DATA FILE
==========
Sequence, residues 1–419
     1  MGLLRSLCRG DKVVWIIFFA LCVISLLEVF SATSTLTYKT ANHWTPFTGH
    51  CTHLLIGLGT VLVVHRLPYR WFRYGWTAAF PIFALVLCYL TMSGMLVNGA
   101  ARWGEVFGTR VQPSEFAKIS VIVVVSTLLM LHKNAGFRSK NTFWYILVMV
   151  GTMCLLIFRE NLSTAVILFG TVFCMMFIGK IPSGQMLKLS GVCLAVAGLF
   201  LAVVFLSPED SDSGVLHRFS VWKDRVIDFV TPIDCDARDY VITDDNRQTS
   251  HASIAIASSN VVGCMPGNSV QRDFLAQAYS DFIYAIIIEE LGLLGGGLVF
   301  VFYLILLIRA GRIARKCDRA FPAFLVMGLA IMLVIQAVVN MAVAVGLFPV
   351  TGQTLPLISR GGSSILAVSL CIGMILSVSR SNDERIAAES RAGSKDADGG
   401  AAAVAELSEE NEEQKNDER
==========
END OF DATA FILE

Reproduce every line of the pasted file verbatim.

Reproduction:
Sequence, residues 1–419
     1  MGLLRSLCRG DKVVWIIFFA LCVISLLEVF SATSTLTYKT ANHWTPFTGH
    51  CTHLLIGLGT VLVVHRLPYR WFRYGWTAAF PIFALVLCYL TMSGMLVNGA
   101  ARWGEVFGTR VQPSEFAKIS VIVVVSTLLM LHKNAGFRSK NTFWYILVMV
   151  GTMCLLIFRE NLSTAVILFG TVFCMMFIGK IPSGQMLKLS GVCLAVAGLF
   201  LAVVFLSPED SDSGVLHRFS VWKDRVIDFV TPIDCDARDY VITDDNRQTS
   251  HASIAIASSN VVGCMPGNSV QRDFLAQAYS DFIYAIIIEE LGLLGGGLVF
   301  VFYLILLIRA GRIARKCDRA FPAFLVMGLA IMLVIQAVVN MAVAVGLFPV
   351  TGQTLPLISR GGSSILAVSL CIGMILSVSR SNDERIAAES RAGSKDADGG
   401  AAAVAELSEE NEEQKNDER